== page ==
NAS Awards: Player To Watch Next Season – Terrence Williams

Terrence Williams Thunder

I’ll be the first to admit that I had my doubts about Terrence Williams when the season began. Despite Sebastian’s undying love for TWill, I was concerned by the prospects of a four-year player who might have been crazy athletic, but lacked any real shooting touch. I also was concerned about the maturity of any guy who likes to call Nate Robinson one of his best friends.

And then when the season started, my worst fears were realized. Williams was able to put together a double-double in his opening night debut, and accumulated a few more in the early going, but there were other parts of his game that were a cause for concern:  he shot36 percent on 11 shots per game in November when he was getting considerable playing time while the Nets were dealing with injuries. Meanwhile his assist-to-turnover-ratio was exactly 1:1 – not good for a guy who’s supposed to be a playmaker. Then there was the off-the-court stuff. He missed buses, was late to practices, and made some negative comments on Twitter about his playing time. He snapped at the beat guys for questioning him – which was nuts considering I think all four beat guys did yeoman’s work this season covering a team that was beyond pitiful and boring for the majority of the year. In the fallout of his Twitter issues, I was preparing a post of players the Nets would have been better off drafting at #11, ready to declare TWill a bust, but I resisted. And I’m glad I did, because outside of whoever the Nets get in the draft this year, Terrence Williams is the player I’m most excited about as a Nets fan headed into next year.

How good was TWill down the stretch? He went from averaging 3.7 points, 2.2 assists, 2.3 rebounds on 38 percent shooting in about 15 minutes a game in February to averaging 14.1 points, 4.9 assists and 6.7 rebounds on 43 percent shooting in 30 minutes a game in March. He then upped his game even more for the final 7 games in April, averaging 14.3 points, 6.3 assists, 7.1 rebounds on 45 percent shooting playing 34 minutes a game. This wasn’t a gradual improvement. This is a legitimate case of a light “switching on” for a player. Meanwhile, his assist-to-turnover ratio was nearly three-to-one his final six weeks. So not only was TWill stuffing a stat sheet, but a case could be made that he was more effective running the point than Devin Harris.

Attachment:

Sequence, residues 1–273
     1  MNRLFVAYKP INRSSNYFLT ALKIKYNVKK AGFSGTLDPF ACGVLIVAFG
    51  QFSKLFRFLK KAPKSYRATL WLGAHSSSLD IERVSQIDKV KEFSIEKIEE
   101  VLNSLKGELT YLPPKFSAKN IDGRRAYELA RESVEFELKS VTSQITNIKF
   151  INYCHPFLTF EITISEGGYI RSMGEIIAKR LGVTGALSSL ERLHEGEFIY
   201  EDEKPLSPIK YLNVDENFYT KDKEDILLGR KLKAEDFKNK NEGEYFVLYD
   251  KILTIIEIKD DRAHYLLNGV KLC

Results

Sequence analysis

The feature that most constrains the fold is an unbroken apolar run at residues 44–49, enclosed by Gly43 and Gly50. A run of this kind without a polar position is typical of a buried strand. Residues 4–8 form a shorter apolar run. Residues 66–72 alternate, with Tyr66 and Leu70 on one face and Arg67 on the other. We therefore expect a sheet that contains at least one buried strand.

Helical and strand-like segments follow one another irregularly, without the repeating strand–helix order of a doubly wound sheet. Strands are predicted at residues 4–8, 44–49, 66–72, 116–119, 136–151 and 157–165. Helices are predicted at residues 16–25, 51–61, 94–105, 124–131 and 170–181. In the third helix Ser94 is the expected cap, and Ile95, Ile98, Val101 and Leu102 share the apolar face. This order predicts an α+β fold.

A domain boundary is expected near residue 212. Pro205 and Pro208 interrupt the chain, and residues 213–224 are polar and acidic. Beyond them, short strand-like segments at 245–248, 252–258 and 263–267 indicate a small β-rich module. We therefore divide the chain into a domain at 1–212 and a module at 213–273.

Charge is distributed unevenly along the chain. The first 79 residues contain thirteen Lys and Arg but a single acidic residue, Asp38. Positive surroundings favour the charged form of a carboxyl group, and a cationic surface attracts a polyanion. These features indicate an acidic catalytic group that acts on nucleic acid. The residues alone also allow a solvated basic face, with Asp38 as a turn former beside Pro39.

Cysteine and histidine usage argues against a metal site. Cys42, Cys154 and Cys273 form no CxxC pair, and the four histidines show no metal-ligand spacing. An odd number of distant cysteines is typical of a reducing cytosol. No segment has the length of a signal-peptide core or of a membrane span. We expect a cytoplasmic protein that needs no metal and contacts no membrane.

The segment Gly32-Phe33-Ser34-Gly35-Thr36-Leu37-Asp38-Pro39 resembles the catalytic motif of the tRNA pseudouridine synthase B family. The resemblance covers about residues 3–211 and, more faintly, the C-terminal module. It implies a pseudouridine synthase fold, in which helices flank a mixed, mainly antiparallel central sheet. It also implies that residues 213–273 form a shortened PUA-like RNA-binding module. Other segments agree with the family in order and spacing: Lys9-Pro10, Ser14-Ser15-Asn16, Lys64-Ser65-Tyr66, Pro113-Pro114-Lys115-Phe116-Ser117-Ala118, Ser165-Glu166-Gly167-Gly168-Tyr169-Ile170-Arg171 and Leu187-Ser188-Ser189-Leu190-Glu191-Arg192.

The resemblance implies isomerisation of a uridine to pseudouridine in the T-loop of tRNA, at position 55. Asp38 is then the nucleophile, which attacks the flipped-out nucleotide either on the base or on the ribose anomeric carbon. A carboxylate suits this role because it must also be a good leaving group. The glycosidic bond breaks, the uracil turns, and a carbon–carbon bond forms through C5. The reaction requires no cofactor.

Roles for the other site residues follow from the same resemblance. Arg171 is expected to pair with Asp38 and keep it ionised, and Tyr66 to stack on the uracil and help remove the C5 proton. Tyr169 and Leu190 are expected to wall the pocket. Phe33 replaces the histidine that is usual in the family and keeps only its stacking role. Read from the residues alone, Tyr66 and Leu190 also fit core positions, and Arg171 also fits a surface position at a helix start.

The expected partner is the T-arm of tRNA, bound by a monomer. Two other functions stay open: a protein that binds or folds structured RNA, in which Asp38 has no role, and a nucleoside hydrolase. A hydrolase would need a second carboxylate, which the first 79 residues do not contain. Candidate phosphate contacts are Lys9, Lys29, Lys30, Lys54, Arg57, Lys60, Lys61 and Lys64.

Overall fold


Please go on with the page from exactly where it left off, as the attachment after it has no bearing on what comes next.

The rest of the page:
It’s also no surprise that when the light switched on for Williams, the Nets looked like a competitive team down the stretch. While they still lost their final two game of the season, they did grab five of their wins in their last 13 games, moving them comfortably beyond the all-time “infamy” mark. The Nets desperately needed another player to step up in addition to Brook Lopez and Devin Harris. While Courtney Lee also improved his game in the second half of the season, it still wasn’t helping the team win with any consistency. TWill’s dramatic leap to the next level seems to have the most impact on the organization. He even made ESPN John Hollinger’s “out of nowhere” team for his improved play. Hollinger has been a skeptic of TWill’s from the get-go, so that was quite the turnaround.

He’s far from a perfect player. His shooting is still shaky and defenders who are not sleeping on TWill’s devastating first step to the rim will dare him to shoot jump shots next year? Can he adapt? Lost in the shuffle of his great final two months is the fact that TWill’s outside shooting was marginally better as the year went on.  After shooting about 20 percent on jumpers between 10-15 feet, he shot 22 percent in March (yuck) and 35 percent in April (better, but smaller sample). On 16-23 foot jumpers, he shot about 24 percent in March and April after shooting around 15 percent from December-February.  I honestly can’t say if TWill’s jumper will ever be “good enough,” but if he continues to gradually improve in that area while still being an all-around playmaker, look out.